Sam Taylor said: "This transaction with Caxton-Iseman is a positive development for Electrograph, and our vendors, customers and employees. Under new ownership we will continue our tradition of value-added distribution for our customers. Electrograph will offer the best selection of large format displays and associated peripherals as well as the highest level of service and support in our industry. Concurrently, we will actively pursue new ways to add value for our business partners."

According to the announcement, Alan Marc Smith was CEO of Westcon Group, Inc. from 2001 to 2004, during which time he oversaw the growth of the company from $200 million in revenues to more than $2 billion, and from 120 employees to more than 1,200. As CEO he managed eight acquisitions and 24 subsidiary integrations in 16 countries. Smith served as executive vice president and COO of Westcon Group from 1998-2001 and director of business development and planning from 1997 to 1998.

Other holdings of Caxton-Iseman Capital, Inc. include Ply Gem, a company that makes vinyl siding, windows, patio doors, fencing, railing, decking and accessories for home construction, and Anteon International Corp, an IT technology provider. Caxton-Iseman also owned Buffets Inc. as of mid 2004.

Monday, April 11, 2005

That's Entertainment

Someone posted the following as a comment on my NSCA wrapup article. It's WELL worth a look. Unbelievable!

Anonymous said...
see the christie booth sprinkler video here:

Do you Bridgit?

Whether you’re working with people across the street or across the country, you can conference quickly and easily with Smart Technology's Bridgit software. You can work on a document, revise a spreadsheet or give technical assistance – all in real time, right from your desk.

Bridgit software takes the clutter out of conferencing. You just give your conference a name, invite your participants and go. You don’t need to book in advance or upload files. Your participants don’t need to have used the software before. All they need is a PC and an Internet connection.

It’s About Time!!!

Bridgit software helps you get things done. In less than a minute, you can respond to a client, get feedback from colleagues or follow up with a sales prospect. Instead of waiting to deliver documents, you can show information right from your computer screen. Writing tools and webcam support help you understand each other quickly.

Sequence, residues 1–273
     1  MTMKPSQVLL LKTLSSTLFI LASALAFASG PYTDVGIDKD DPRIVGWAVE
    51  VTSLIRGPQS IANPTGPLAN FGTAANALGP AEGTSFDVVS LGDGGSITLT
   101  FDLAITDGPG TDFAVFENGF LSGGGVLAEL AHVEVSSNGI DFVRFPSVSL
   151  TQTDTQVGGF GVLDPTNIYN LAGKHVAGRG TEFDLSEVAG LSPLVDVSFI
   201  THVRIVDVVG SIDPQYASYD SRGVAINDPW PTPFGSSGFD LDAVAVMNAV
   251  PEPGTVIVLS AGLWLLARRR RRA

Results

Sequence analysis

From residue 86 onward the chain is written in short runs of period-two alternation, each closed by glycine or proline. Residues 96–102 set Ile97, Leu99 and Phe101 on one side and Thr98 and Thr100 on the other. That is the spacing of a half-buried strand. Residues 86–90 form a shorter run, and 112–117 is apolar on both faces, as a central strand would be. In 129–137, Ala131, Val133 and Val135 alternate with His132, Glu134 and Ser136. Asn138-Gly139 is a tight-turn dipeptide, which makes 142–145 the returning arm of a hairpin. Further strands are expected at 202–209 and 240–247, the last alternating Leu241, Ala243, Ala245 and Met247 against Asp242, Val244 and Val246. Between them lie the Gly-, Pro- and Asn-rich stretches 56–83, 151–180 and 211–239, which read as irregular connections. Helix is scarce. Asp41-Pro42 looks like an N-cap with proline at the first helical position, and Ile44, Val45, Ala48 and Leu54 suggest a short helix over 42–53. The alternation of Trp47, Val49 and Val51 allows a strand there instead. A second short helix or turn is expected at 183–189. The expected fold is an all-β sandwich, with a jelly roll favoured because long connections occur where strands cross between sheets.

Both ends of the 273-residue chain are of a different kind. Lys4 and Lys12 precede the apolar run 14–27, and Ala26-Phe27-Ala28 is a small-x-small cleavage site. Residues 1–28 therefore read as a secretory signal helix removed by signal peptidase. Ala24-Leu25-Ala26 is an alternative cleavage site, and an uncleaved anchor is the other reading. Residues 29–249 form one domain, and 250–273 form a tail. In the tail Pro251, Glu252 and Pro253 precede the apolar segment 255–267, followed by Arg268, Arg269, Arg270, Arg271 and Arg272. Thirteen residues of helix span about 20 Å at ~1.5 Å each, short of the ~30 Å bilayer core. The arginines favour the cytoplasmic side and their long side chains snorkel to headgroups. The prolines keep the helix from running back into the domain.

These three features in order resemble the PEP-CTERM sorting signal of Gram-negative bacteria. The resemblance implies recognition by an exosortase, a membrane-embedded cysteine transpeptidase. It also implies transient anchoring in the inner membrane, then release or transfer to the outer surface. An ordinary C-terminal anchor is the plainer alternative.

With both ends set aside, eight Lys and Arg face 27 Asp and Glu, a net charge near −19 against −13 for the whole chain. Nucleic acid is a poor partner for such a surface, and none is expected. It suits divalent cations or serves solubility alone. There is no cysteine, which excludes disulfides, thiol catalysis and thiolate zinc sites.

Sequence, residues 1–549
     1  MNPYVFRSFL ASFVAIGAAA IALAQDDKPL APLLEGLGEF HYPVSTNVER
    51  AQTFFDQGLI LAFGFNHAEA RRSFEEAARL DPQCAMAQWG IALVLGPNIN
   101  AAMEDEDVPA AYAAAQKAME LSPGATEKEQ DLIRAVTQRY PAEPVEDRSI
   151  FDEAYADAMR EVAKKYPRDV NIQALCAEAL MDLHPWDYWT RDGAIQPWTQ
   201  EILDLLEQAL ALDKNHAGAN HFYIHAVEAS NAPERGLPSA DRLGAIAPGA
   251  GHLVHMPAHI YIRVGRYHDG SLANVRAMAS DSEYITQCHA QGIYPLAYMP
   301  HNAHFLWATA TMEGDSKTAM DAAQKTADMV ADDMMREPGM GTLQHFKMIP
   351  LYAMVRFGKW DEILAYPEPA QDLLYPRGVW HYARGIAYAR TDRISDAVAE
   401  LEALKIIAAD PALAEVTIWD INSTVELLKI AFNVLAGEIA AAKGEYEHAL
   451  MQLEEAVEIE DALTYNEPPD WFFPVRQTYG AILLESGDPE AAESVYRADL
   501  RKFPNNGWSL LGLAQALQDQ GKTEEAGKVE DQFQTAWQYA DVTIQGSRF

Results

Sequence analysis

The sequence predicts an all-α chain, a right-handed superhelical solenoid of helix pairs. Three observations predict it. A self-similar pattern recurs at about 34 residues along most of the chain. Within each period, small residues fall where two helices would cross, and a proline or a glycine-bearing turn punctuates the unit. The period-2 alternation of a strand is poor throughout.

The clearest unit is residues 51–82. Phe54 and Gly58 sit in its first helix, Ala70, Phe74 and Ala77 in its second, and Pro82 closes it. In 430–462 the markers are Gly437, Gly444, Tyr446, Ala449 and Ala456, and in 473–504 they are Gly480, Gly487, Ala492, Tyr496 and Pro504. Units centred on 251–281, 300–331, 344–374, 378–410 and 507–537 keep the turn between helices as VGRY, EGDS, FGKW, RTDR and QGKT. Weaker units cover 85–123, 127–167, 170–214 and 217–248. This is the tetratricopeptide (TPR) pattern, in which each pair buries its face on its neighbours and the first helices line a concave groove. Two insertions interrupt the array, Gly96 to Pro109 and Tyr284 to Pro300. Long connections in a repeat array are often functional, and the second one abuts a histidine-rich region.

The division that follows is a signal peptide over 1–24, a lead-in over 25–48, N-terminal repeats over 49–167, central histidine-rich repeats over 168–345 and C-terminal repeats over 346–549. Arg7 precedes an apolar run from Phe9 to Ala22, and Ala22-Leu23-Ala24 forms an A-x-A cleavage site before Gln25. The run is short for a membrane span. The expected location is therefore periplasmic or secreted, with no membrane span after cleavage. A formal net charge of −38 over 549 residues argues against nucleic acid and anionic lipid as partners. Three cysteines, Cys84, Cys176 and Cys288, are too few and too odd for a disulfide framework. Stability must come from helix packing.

This BLOWS AWAY WebEx and all the over-bloated, over-engineered Internet-based web conferencing software. Bridgit is all you really need for over 95% of those applications and UNLIKE ALL OF THE OTHERS, it's simple to use and works 100% of the time.

Sunday, April 10, 2005

Breakout Products are Hard to Find These Days

But I found one. DayView Glass, distributed by Pro Display USA, is one such breakthrough product. It is actually a film placed over any glass, such as a window, which can be used as a rear or front projection screen. When not in use, you can make the window clear (with no noticeable change to the window) or opaque for privacy.

Now, this new technology is breakthrough because you can put it on the windows of a fishbowl conference room, in any window that separates two rooms, anywhere there is glass.

But what really makes this breakthrough is the imagination of the company CEO, Angelo Skiparnias, who foresees all kinds of new ways dealers can sell this technology. One recent installation at a retail store is a good example of creative advertising using this new technology. As a shopper passes by the retail store window, a sensor “wakes up” the projector and screen. Audio comes on saying hello, and stopping the shopper, who is then presented with a short video advertising a specific product. At the end of the video, the window clears to show the actual product in the retail store window display. You can do this with clothes, jewelry, food, cars – anything at all.

Another consideration with this technology is that the size of the image is only limited by the size of the glass. That means you can project huge indoor or outdoor displays. Now, we’re talking sports arenas, marinas, hotels, convention centers – even the entire sides of buildings.

Pretty creative. But the best example is a concept Angelo explained of making an entire building disappear. Let's say you have a building that has the Hollywood Hills and Hollywood sign as the backdrop. Using a few image captures, projectors and this new DayView glass, you could project the background onto the foreground and voila, the building now looks like it blends into the surroundings.

Monday, April 04, 2005

Sanyo's 16:9 4000 ANSI lumens projector is AWESOME!

My new favorite projector is the ultimate cross-over projector, in my opinion. Sanyo's new PLV-WF10 is the industry's first, bright 16:9 projector that's affordable. At under $13,000, this 4K lumen native 720p LCD projector is PERFECT for boardroom, conference room, large venue and even home cinema applications.

It's about time!

There are thousands of applications out there where the need for a bright, 16:9 aspect ratio projector is required. What's taken the projector market so long to get us here? Well, I'm not going to worry any longer about that and will recommend the new Sanyo PLV-WF10 to anyone and everyone who asks.